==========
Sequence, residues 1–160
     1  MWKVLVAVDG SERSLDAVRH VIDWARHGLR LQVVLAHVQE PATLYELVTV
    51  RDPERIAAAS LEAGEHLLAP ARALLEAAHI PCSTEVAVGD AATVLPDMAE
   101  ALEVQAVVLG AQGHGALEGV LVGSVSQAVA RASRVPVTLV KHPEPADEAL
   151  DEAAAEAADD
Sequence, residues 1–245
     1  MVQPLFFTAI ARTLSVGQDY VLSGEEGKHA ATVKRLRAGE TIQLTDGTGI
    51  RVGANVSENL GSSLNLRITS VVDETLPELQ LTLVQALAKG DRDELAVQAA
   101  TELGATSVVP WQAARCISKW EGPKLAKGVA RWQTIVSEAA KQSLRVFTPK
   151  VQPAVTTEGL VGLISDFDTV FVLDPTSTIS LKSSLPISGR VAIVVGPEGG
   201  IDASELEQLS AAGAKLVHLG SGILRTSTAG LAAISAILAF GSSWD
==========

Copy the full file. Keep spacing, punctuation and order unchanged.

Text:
Sequence, residues 1–160
     1  MWKVLVAVDG SERSLDAVRH VIDWARHGLR LQVVLAHVQE PATLYELVTV
    51  RDPERIAAAS LEAGEHLLAP ARALLEAAHI PCSTEVAVGD AATVLPDMAE
   101  ALEVQAVVLG AQGHGALEGV LVGSVSQAVA RASRVPVTLV KHPEPADEAL
   151  DEAAAEAADD
Sequence, residues 1–245
     1  MVQPLFFTAI ARTLSVGQDY VLSGEEGKHA ATVKRLRAGE TIQLTDGTGI
    51  RVGANVSENL GSSLNLRITS VVDETLPELQ LTLVQALAKG DRDELAVQAA
   101  TELGATSVVP WQAARCISKW EGPKLAKGVA RWQTIVSEAA KQSLRVFTPK
   151  VQPAVTTEGL VGLISDFDTV FVLDPTSTIS LKSSLPISGR VAIVVGPEGG
   201  IDASELEQLS AAGAKLVHLG SGILRTSTAG LAAISAILAF GSSWD